A rendering of Habitat for Humanity of Pinellas and West Pasco Counties and Namaste Homes’ proposed project.

HP Capital Group

St. Petersburg-based HP Capital Group (HPC) diverged further from RFP guidelines. The development firm proposed building 72 townhomes for those earning between 80% and 120% of the AMI.

The group also seeks to purchase the property. HPC stated it would allocate at least 21 units for SPC students and employees and “is agreeable to a reasonable first look period for these buyers.”

The developers also provided two plans, with one featuring just 48 townhomes while transforming the Wellness Center into an “arts/community center.” HPC expects the 72-unit project to total $22.25 million, with purchase prices ranging from $310,000 to $425,000.

“The development simply cannot sell townhomes for less than the total construction costs (i.e. 80 AMI buyer pricing) without grant assistance,” the proposal states. “But HPC is open to this negotiation.”

The developers also noted homebuyers could receive down payment assistance. HPC, working in partnership with national builder D.R. Horton, offered to buy down mortgage interest rates to increase affordability.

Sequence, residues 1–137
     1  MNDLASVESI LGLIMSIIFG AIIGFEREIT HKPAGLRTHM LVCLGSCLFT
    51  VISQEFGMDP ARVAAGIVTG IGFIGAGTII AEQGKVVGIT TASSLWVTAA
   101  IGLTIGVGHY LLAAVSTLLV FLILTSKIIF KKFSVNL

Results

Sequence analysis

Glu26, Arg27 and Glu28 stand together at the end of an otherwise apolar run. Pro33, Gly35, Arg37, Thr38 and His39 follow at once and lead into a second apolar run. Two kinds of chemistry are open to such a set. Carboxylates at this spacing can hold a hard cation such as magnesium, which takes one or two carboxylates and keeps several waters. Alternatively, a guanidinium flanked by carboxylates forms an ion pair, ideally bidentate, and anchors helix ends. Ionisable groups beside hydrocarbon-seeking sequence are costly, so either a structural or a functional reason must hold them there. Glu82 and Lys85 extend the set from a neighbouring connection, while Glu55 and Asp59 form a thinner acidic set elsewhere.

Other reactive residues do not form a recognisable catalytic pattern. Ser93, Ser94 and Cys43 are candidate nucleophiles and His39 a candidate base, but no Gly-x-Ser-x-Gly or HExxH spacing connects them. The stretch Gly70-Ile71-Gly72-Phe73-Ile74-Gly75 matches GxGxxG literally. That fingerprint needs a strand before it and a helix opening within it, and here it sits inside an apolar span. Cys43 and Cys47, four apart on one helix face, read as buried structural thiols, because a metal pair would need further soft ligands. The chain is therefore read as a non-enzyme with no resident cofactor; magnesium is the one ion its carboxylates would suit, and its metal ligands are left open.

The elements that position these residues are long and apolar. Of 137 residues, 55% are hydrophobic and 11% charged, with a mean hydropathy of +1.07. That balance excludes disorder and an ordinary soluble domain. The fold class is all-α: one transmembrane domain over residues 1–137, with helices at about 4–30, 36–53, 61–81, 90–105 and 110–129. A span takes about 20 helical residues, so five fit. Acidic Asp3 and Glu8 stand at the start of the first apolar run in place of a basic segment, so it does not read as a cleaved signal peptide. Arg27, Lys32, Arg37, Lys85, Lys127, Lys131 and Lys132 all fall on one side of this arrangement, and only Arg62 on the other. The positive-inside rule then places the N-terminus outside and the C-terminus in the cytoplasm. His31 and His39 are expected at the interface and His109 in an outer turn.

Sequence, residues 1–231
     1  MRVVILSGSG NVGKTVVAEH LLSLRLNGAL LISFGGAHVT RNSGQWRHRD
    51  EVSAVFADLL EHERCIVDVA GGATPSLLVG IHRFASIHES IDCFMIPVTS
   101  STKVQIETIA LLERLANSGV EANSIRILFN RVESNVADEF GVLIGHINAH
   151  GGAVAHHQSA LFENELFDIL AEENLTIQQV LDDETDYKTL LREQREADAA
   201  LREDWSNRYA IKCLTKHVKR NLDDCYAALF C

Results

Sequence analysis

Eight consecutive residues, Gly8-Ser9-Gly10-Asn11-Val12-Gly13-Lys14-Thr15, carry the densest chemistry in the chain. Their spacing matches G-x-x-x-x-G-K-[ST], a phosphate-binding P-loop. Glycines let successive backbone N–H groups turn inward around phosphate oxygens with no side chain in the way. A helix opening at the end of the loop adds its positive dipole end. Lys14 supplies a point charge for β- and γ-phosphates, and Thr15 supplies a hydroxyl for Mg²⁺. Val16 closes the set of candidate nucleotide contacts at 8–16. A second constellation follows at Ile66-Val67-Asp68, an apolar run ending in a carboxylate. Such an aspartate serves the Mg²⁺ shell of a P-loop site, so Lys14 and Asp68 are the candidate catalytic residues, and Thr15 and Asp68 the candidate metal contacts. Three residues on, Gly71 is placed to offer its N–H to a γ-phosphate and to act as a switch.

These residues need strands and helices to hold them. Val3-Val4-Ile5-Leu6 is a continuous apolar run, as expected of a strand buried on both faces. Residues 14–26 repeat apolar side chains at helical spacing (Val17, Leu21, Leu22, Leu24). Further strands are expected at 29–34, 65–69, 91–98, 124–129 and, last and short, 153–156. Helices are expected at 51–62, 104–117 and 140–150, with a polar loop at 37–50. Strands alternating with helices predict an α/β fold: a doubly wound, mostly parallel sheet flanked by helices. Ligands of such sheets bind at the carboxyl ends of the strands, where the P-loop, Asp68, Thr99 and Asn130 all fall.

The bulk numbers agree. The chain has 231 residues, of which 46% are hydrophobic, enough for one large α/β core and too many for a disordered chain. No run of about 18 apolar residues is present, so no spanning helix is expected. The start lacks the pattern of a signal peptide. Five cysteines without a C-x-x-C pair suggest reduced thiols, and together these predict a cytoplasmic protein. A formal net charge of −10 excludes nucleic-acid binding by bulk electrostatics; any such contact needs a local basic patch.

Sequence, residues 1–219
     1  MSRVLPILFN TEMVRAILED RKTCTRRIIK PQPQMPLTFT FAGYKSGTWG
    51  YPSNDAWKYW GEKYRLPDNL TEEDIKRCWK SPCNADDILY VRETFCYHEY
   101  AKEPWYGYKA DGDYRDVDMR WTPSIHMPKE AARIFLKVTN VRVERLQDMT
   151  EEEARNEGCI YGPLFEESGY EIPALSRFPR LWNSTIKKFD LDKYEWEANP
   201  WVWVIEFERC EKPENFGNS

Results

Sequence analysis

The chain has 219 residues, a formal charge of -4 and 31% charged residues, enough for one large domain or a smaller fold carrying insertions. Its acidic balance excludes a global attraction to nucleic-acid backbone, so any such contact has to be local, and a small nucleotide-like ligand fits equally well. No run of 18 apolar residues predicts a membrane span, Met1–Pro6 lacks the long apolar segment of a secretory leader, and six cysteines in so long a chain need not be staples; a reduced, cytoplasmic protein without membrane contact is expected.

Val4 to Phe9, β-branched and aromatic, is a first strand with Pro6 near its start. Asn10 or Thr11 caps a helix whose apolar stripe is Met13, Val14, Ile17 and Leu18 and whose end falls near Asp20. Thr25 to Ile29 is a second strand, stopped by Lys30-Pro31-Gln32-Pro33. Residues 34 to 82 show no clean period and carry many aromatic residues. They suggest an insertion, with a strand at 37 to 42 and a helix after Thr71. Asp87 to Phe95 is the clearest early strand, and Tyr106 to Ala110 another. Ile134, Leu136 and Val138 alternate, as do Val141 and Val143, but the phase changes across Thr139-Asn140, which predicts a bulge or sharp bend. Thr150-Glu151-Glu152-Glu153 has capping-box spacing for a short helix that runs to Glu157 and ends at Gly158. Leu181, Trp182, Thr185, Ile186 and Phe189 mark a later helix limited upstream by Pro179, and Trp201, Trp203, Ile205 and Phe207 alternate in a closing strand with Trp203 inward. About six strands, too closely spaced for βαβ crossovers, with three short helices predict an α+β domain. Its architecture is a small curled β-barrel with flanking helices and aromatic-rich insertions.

A rendering of HP Capital Group’s proposed project.

ASD | Sky

Tampa-based ASD | Sky partnered with Goshen Construction Group, New Dimension Builders, Tampa Bay Neighborhood Housing Services (TBNHS) and Humble Beginnings, a nonprofit founded by local NFL player Marquez Valdes-Scantling, on its proposals. The group’s cover letter credited the St. Petersburg native’s “unique perspective” and TBNHS’ experience providing homeowners assistance and credit counseling.

The proposal includes 106 units. However, 34 are multifamily apartments with floor plans ranging from studios to two bedrooms, and the remaining 72 are three-bedroom townhomes.

The estimated total project cost is $39.03 million. Multifamily unit sales prices would range from $140,000 to $339,500. The average townhome cost is $375,000.

The development team would offer all 106 units for households earning up to 120% AMI. A community arts center would anchor the property.

“Our vision for the development of the SPC Wellness site is to enhance the already vibrant community of St. Petersburg’s west side with a development pattern that reflects the existing neighborhood fabric,” the proposal states. “Our design integrates the Community Arts Center as a grounding element for the new development while inviting engagement with the larger community through the use of an open, public green space.”


1 Comment

1 Comment

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    Sharon D

    June 14, 2024at5:12 pm

    As nice as this seems, it is just another housing opportunity that excludes elderly and/or disabled persons. Town homes have stairs making it difficult to impossible for us to safely abide. I’m both elderly and have stair climbing limitations.